Following optimisation of the general processing modules, such as ohmic contacts and passivation, device engineers working with us, in synergy with processing engineers, can optimise their device technology. Support for this effort comes from intense TCAD and modelling activity.

Our 200 mm GaN-on-silicon platform can be used to form a range of power switching devices: depletion mode (D-mode) MISHEMTs; enhancement mode (E-mode) MISHEMTs and J-HEMTs; and power Schottky diodes, which are standalone devices that are compatible with transistor processing, so allow a high level of integration. The D-mode transistors that are normally on are well established, with 600 V-rated devices exhibiting an on-resistance of just 0.8 mΩ cm2. However, most research efforts are now focused on the realisation of highly performing E-mode devices, because they are easier to use in circuits – they do not have to be paired with a silicon transistor to form the preferred, normally-off mode of operation. It is the E-mode form of the device, which is normally off, that will lead to a ramp in sales of GaN transistors. 

Two-pronged approach

One of the common approaches to making an E-mode device is to recess the AlGaN barrier and then deposit a gate dielectric. An alternative, popular process involves growing a p-type layer on top of the AlGaN, and then etching the p-type layer in the active region only. Both approaches, which form MISHEMTs and J-HEMTs respectively, have their pros and cons. This is why our partners – whose names cannot disclosed for reasons of confidentiality – are pursuing both options to de-risk their future investment on processing development.

MISHEMTs that we have produced exhibit a uniform threshold voltage of around +1.2 V, and a low leakage current that is in the pico-amp range at a gate voltage of 0 V (see Figure 4 a). Under forward gate bias with a 10 V gate voltage, current is below 1 nA/mm, and the breakdown voltage exceeds 15 V (see Figure 4 b).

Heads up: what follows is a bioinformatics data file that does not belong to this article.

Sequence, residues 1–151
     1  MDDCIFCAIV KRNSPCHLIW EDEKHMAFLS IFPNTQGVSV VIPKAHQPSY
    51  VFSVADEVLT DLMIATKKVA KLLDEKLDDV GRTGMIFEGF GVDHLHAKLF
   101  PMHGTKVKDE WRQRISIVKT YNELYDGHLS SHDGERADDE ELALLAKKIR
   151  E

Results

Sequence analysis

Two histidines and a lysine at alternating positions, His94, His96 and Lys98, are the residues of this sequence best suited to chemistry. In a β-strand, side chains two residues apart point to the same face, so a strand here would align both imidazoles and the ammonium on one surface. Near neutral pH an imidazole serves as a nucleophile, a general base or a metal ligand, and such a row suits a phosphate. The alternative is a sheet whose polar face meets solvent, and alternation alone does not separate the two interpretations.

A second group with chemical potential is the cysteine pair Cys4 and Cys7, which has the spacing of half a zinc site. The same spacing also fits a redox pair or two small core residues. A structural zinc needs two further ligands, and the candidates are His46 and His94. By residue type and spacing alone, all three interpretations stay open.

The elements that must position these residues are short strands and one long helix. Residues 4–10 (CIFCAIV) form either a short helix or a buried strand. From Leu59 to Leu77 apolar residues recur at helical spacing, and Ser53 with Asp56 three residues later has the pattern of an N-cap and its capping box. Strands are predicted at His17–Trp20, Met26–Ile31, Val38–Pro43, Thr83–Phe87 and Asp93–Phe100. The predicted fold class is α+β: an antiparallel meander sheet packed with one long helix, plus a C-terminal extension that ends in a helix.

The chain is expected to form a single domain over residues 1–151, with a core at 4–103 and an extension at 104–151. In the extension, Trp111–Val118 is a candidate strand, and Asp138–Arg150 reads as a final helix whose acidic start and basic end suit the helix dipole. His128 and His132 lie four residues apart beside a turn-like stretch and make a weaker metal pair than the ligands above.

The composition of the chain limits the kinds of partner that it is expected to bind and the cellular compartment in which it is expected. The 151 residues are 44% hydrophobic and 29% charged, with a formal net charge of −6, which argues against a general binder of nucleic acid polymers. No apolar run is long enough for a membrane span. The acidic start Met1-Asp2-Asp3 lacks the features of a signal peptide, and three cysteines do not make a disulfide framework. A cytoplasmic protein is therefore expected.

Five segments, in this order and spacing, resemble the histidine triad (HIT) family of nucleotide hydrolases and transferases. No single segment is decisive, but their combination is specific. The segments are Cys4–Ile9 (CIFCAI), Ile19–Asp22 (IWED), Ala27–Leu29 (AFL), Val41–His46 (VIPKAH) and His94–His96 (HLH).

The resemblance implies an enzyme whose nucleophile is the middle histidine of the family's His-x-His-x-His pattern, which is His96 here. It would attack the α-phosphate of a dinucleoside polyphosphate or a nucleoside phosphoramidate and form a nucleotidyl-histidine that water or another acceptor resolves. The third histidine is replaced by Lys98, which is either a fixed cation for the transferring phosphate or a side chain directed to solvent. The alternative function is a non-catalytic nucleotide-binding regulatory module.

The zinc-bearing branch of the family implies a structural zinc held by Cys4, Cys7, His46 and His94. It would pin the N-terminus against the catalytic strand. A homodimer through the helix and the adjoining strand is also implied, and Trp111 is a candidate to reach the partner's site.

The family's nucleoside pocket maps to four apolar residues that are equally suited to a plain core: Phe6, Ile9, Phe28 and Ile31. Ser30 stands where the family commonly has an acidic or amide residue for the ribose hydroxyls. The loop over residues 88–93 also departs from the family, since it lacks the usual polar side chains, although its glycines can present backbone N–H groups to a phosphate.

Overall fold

Figure 4: E-mode MISHEMTs produced at imec combine a uniform threshold voltage of typically 1.2 V (a) with a low leakage current (b) and a breakdown voltage in excess of 600 V (c).

At a gate voltage of 0 V, the breakdown voltage exceeds 600 V, demonstrating the true E-mode nature of these devices. They deliver state-of-the-art performance for an E-mode transistor, with an on-resistance of 1.5 mΩ cm2, which is far superior to that of a standard silicon equivalent. We are now trying to take these 600 V devices to a higher level of maturity, and to increase the threshold voltage beyond 2 V, while trimming the on-resistance to below 1 mΩ cm2.

We have also used our 200 mm GaN-on-silicon platform for the development of power rectifiers. The biggest challenge with this class of device is to combine a low turn-on voltage with a low leakage current. We have succeeded in this regard by pioneering an innovative, proprietary device architecture named the gate-edge terminated (GET) diode. This class of diode has a turn-voltage that is below 1 V, and a leakage current less than 1 mA/mm at high reverse voltage (see Figure 5).